For some of us, going to get our nails done is a rare little treat; for others, it’s a regular ritual, or a professional obligation. With low prices and endless design options, a quick trip to the nail salon can feel like a harmless indulgence — but it’s important to remember that your pretty set of gels comes at a very real human cost. The nail salon industry has been built on the suffering of female employees, but now, those workers are organizing to change the course of their future.
Nail salon workers across the country — many of whom are Asian or Latinx immigrant women — are often subjected to unsafe working conditions and predatory employers who exploit their need for steady work. Wage theft is rampant within the industry, and in most places, these workers are already paid peanuts and treated with a lack of basic respect for the back-breaking labor they perform. Nail salon workers are generally classified as tipped workers or independent contractors, and are therefore exempt from federal and state minimum wage requirements; (employers are required to pay the difference). This means that a slow day at work can have dire consequences.
“The problem is that tips are unstable and clients don’t always leave tips, as well as the prices tend to be really low and thus results in low tips,” explains Glenda, who worked in nail salons for six years before becoming an organizer with the New York Nail Salon Workers Association (NYNSWA), in Spanish via an interpreter. “More than 33% of our members are single mothers and the sacrifice that they have to make every day [is] to leave their children with a babysitter, because they have to work six-seven days a week, 10-12 hours a day without the needed rest breaks. And they still don’t know if at the end of the week they’ll make enough to make ends meet, to pay rent or to have food on the table.”
The NYNSWA is a worker-led organization that seeks to win fair wages, safe working conditions, and dignity at work for its members, and to achieve public health, environmental and racial justice by working with the community, clients, and salon owners through their #HealthDignityJustice campaign. The organization’s members are based in New York City, but many commute to salons in neighboring states, some as far as two hours away. They work closely with nail salon worker organizations in California (where NYNSWA organizer Julie Xu says wage theft is less of an issue, perhaps due to the statewide $15 minimum wage) and also offer free training courses for nail salon workers to get their licenses.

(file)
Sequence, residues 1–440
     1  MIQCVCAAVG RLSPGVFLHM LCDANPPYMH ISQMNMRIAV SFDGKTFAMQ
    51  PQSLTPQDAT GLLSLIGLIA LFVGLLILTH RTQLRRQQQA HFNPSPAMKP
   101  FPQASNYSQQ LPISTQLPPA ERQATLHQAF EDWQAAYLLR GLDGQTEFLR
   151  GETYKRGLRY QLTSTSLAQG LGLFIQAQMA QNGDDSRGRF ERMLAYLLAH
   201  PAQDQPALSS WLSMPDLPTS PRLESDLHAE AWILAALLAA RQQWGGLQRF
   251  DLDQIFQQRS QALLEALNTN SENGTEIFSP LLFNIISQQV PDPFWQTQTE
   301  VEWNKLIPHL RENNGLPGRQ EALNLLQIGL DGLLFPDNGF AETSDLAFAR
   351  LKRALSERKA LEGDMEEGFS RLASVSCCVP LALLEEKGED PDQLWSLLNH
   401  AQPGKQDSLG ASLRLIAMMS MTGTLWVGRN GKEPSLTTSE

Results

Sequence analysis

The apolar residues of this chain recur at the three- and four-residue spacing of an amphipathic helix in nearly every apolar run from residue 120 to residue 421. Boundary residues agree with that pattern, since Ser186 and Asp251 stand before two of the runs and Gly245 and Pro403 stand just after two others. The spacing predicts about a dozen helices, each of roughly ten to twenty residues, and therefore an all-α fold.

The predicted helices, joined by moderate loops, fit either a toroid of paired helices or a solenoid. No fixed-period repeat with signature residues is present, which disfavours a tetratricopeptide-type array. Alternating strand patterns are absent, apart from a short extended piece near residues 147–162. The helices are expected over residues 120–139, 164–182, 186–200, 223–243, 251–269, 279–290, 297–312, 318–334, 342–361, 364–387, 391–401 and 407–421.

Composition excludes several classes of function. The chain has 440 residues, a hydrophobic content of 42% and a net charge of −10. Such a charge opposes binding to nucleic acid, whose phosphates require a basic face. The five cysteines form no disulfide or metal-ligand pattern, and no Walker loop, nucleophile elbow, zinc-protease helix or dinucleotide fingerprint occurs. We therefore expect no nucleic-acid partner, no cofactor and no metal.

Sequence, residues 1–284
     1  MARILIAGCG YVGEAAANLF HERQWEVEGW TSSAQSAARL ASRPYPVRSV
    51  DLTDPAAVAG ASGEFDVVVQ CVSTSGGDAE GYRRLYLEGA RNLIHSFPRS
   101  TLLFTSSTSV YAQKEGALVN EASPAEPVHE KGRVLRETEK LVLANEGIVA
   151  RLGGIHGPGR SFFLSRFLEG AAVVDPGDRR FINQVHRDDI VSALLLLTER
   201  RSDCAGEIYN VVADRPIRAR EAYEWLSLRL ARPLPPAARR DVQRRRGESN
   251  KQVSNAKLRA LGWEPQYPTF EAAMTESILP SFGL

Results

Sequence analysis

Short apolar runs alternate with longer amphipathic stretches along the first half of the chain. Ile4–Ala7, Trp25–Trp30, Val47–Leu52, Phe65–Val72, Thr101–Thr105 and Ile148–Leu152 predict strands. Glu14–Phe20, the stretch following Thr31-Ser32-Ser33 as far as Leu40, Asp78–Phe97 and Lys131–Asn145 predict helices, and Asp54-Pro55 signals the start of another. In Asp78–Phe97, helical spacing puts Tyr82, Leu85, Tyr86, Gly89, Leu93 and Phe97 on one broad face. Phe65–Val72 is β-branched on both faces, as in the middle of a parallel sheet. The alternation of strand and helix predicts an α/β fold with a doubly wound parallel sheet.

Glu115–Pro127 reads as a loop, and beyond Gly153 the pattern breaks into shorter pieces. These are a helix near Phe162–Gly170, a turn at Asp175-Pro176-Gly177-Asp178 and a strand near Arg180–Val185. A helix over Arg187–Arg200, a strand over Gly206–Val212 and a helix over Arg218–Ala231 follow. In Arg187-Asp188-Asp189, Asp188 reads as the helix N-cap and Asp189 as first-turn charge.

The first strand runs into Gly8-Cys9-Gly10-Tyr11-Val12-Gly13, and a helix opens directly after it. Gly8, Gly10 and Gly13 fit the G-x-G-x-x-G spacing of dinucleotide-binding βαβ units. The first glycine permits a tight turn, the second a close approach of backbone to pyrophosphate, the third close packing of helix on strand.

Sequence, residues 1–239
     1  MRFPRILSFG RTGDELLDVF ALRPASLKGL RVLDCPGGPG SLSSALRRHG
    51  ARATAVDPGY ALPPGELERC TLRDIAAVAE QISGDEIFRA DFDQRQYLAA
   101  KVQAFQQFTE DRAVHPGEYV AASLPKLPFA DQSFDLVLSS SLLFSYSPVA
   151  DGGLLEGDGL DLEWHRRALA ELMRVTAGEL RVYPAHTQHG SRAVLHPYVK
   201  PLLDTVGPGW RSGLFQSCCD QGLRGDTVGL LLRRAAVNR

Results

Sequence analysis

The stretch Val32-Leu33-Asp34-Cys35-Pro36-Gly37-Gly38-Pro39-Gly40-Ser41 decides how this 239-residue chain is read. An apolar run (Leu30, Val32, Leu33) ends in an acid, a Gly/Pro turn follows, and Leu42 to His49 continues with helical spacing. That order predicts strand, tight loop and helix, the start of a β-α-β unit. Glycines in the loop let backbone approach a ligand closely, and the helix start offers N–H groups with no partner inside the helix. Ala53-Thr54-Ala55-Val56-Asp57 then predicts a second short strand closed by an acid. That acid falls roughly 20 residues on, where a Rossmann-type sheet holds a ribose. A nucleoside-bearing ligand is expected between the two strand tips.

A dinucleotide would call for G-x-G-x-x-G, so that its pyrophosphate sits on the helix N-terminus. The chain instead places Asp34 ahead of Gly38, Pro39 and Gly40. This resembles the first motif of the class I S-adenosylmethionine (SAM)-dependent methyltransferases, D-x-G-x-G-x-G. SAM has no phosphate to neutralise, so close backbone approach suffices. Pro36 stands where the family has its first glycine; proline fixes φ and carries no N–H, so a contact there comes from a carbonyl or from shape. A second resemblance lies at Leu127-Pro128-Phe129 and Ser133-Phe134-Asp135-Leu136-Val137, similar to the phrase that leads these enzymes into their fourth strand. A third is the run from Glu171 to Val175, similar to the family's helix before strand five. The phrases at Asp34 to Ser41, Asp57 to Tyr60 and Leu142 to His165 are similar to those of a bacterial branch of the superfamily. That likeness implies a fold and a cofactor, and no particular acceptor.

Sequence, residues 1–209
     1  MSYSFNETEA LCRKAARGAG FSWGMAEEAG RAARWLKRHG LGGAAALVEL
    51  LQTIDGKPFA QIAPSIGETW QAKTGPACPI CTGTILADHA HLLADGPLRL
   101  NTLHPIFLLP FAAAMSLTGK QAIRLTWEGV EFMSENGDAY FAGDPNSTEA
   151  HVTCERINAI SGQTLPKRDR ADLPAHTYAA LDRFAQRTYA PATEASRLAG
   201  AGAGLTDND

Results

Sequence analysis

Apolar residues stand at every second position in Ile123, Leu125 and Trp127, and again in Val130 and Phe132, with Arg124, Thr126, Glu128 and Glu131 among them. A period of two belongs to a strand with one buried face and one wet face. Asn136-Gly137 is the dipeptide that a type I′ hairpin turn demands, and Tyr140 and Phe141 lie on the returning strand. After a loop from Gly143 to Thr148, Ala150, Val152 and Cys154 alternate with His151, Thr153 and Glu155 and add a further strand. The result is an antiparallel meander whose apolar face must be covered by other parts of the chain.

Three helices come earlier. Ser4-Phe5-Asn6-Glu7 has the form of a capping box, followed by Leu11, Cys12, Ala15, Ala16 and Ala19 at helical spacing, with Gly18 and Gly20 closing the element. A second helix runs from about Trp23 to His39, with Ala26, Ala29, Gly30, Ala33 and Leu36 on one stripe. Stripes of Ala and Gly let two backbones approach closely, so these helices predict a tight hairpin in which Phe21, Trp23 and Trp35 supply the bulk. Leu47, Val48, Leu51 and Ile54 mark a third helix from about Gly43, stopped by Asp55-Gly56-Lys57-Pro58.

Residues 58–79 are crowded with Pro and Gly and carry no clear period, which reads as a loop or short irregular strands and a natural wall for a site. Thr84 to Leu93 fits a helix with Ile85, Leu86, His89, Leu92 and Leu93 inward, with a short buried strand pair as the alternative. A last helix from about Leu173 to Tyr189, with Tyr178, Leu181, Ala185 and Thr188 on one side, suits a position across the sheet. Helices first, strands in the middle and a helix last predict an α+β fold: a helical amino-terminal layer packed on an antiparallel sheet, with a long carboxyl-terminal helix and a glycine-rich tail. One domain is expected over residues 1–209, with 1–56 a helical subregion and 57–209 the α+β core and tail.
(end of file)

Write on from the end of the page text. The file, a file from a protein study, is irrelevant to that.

The not-for-profit program includes four know-your-rights workshops and a low-literacy program for non-native English speakers, which has proven instrumental for providing worker education and gathering data. “We did a survey of 100 workers who came in for [NYNSWA] workshops or school, and 70% of them were experiencing wage theft, and a significant number of them were experiencing wage theft in the hundreds [of dollars] per week,” said Xu, who emigrated to the U.S. from China when she was a child and was drawn to this work to fight for justice for other immigrant women.
Glenda had initially taken the course solely to gain her license, but became inspired to become an organizer after realizing the ways in which workers were being exploited, and how widespread the problems they were facing were in the industry.
“We can’t be thinking about changing one salon at a time, when we’re talking about an industry with more than 30,000 nail salon workers,” she explains. “I realized we as nail salon workers needed to be organized and so I decided to dedicate myself full-time to organizing and motivating other workers so that we no longer have to stay silent because this impacts us not just economically, but also physically and mentally — and not just us individually but our families as well.”